Save money on your funeral

The last thing you want your family to have to do when they hear of your ultimate demise is go shopping.



Online only.



What could be more difficult than trying to pick out the right coffin, urn or whatever while also figuring out how to cope with your absence?

The average cost of a funeral runs about $6,500, but you can save a bit of money if you plan ahead and follow some basic rules.

Rule #1: Treat the purchase of your funeral arrangements exactly the same as any other major purchase you make. Figure out what you really want and then shop around for the best price.

Rule #2: Know that burying you will cost way more than turning you to dust. Between the box you must buy and the ground you must purchase, traditional burials are far more expensive than cremation. The latter will take your $6,500 price tag down to about $1,000.

Rule #3: Skip the embalming. It’s not a requirement as long as you get planted nice and quickly. Don’t get talked into this.

Rule #4: Shop online. I’m not sure how happy I’d be to use a casket as a coffee table, but there are folks who shop online and buy their caskets ahead of time for up to half the price.

Rule #5: Nix-nay the flowers. People like to decorate their death parties with living things but funeral bouquets can get expensive. If well-wishers send flowers to the funeral home, take those with you to wherever you’re having the service.

Rule #6: Skip the burial outfit. Yup, some funeral homes offer to provide spiffy duds for the special day. Take a pass. Pick out what you want to be buried in ahead of time so your family doesn’t have to make the decision.

For the cheapest of all, donate yourself to science. Many donation organizations offer free cremation when you donate your body. And what would be better than knowing that even in death you’re doing a good thing.

6 comments on “Save money on your funeral

  1. A dissapointing angle for a consumer article. I would have preferred a more unbiased and informative composition. From my personal experience I cannot agree with the authors' comments. On such a sensitive topic you might done more indepth research and taken a better approach. In all a lazy effort at journalism!


  2. Good ideas. not much for the matter of a fact language.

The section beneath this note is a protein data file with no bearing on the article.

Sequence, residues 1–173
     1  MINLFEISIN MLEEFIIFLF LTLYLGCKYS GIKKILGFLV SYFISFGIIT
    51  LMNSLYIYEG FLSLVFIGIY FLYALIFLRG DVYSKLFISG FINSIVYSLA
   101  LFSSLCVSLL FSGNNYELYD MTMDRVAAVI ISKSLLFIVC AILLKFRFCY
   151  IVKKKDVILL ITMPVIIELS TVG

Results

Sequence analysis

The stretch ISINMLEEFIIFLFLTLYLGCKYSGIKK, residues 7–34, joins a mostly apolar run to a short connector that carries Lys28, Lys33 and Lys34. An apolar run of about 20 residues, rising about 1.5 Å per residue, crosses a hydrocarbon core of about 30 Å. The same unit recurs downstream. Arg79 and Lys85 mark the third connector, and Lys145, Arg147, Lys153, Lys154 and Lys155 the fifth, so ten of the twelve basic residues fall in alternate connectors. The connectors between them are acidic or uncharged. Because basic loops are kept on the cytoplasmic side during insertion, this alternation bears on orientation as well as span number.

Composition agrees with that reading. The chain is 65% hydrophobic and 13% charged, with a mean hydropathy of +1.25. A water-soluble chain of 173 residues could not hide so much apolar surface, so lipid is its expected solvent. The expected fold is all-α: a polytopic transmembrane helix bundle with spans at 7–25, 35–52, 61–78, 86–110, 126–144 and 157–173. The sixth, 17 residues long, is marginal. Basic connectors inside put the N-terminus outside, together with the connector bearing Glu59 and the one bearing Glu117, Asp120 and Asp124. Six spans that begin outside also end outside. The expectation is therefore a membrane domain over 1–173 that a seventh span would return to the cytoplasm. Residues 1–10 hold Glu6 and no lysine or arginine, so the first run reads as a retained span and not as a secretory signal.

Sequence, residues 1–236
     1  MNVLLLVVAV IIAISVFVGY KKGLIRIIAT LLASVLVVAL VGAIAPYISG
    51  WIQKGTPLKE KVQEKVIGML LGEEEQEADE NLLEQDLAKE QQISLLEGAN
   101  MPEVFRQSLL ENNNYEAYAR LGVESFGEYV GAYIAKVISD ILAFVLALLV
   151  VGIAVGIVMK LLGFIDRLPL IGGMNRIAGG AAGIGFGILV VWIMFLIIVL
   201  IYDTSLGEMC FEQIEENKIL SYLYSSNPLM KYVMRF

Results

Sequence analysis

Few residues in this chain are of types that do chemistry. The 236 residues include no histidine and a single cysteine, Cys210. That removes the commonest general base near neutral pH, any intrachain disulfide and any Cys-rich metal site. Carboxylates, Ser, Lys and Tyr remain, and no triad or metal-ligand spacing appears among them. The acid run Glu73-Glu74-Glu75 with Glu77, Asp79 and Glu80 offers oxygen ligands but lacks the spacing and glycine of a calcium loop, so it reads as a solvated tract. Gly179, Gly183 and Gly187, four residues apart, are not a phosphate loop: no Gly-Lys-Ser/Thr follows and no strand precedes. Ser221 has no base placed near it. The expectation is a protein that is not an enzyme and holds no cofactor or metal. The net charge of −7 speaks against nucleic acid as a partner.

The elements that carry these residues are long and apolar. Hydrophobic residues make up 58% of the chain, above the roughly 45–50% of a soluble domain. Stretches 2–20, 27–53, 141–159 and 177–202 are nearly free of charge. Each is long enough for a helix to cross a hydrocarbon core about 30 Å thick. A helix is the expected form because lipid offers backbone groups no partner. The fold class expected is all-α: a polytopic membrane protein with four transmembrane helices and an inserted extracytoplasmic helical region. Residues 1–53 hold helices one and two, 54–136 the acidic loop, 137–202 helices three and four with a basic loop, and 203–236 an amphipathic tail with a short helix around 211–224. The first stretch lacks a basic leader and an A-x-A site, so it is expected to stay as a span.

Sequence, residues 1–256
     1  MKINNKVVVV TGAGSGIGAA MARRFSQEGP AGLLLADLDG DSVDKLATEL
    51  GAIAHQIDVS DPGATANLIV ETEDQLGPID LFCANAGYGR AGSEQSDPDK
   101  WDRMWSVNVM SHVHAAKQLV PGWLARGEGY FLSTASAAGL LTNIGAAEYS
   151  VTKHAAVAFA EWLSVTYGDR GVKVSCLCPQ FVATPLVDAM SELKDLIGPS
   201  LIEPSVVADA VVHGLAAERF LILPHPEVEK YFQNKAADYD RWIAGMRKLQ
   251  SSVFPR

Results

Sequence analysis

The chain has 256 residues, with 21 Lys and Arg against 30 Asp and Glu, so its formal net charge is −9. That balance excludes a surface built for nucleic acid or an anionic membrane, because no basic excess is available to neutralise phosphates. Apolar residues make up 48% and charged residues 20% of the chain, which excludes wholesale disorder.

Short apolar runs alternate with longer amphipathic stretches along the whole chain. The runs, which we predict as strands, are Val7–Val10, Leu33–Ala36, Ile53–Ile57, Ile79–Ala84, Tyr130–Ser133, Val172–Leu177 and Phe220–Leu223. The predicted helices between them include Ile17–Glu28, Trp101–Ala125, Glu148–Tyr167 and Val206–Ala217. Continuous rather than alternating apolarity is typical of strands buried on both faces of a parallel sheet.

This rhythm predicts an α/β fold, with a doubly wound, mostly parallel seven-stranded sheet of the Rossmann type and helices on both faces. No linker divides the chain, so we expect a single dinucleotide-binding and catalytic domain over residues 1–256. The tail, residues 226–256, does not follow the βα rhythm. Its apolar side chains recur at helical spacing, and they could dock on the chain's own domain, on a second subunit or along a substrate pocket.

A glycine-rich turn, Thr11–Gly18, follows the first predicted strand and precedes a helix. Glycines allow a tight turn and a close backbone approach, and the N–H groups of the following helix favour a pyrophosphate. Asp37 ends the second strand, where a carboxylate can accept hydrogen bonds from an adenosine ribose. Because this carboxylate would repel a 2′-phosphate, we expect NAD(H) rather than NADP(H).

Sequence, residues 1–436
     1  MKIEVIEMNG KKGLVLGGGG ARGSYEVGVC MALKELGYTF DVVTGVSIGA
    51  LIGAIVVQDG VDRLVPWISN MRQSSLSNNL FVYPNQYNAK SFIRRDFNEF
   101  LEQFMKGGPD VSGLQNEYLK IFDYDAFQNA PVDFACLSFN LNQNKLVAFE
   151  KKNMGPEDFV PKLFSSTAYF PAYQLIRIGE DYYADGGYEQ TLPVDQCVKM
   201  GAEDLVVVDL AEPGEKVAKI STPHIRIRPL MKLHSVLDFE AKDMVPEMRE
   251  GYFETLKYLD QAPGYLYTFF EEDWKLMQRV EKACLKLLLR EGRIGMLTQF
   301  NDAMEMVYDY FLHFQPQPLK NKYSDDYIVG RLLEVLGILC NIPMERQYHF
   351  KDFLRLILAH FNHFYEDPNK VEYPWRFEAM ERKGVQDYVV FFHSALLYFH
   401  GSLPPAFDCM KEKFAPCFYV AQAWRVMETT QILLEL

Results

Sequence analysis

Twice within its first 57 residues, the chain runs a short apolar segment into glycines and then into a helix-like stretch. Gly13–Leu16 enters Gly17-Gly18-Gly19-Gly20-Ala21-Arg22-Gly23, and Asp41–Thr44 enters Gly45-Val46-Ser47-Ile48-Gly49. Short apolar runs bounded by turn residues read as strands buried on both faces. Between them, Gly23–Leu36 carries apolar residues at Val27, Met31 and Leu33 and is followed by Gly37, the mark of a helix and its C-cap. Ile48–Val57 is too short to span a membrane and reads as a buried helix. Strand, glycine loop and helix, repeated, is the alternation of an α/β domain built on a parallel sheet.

$1000.00 cremations?! where ive been a funeral director for 7 years and havent seen one that inexpensive in those times. In the major centres of Canada the actual charge for cremation by the crematorium is over 400 dollars and the additional cost to transfer your body to where it is MAYBE closer to 1000 would add up.

    Donate your body to science is a great alternative however, in my 7 years I have only been involved in one such disposition and i might hazard a guess on being involved in dealing with 200 possible donors who were declined for many different reasons so please dont bank on being accepted as a body donation.

    Last you seem to have forgotten the best and most common way to save money on your funeral expenses. Prearrange and prepay for it! When you pay for your funeral ahead of time contrary to wbat people may think we funeral directors dont take your money and spend it now it is put in a trust in your name and the funeral price is guaranteed never to go up no matter how long you remain living. Bottom line you can save thousands.


  3. The author has obviously never dealt with a death in her family or doesn't like anybody she has met. To suggest that a funeral is a "death party" minimizes a life lived, makes a mockery of everyone who has ever grieved and renders meaningless her entire argument.

    The cost of cremation at a crematorium in Ontario is approximately $550, the coroner's cremation certificate (required by law) is $75 and municipalities charge between $15 and $50 just to register the death. That comes up to $675 and you still haven't managed to get your deceased loved one from the hospital to the crematorium.

    Granted, there are some transfer services out there that advertise low cost cremation, but even they are not going to perform the rest of the process for $285 + HST.

    I have to agree with Robbie's comment, this is a lazy effort of journalism, but then again, anyone can write anything online these days. Do some research, talk to people who know what they're talking about instead of spouting your biased opinion and you might be taken a little more seriously.


  4. Not lazy journalism at all……….just a matter of fact way of looking at one of life's inevitable
    For the family – most difficult at that time – and yes I lost my 14 year old and know of whence I speak,
    however, everyone should look at the process of death the same way as they look at everything
    else……..long before the actual time arrives..


  5. I agree entirely with Gail's observations on "death". I have donated my body to science – although I don't (and won't know) if it's accepted. I hope to be "put to rest" on the CPP death benefit of $2,500 and will have at least that amount in my "savings" or, as I am a senior presently, in my chequing account so that loved ones can cover the cost prior to receiving the CPP death benefit. I am also hoping that they can have a party on that $2,500!


  6. Very matter of fact, but the real fact is, when someone you love dies, you don't want to skip everything! Instead of skipping the flowers, when you go to the florist, don't mention the word funeral. Once they hear that, they cost of flowers goes up. You can go into the cooler of regular arrangements, and ask them to make you the exact same things using the flowers and colors of your choice. This can save a bundle. You can also do an online Obituary instead of posting in the paper. Everybody checks online anyway, and you can get an Obituary with all the words you want and pictures for only $15.00 at There are a lot of ways to save without cutting everything out.


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